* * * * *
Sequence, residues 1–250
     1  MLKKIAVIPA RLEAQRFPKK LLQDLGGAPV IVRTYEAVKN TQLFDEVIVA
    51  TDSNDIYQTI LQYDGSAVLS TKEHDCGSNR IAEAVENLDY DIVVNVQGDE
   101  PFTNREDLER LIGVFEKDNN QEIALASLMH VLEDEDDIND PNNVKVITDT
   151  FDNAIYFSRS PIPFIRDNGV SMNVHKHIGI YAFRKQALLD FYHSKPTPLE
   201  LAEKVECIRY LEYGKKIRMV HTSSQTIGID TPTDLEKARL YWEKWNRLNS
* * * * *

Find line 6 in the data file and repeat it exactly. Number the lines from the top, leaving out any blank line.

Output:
   201  LAEKVECIRY LEYGKKIRMV HTSSQTIGID TPTDLEKARL YWEKWNRLNS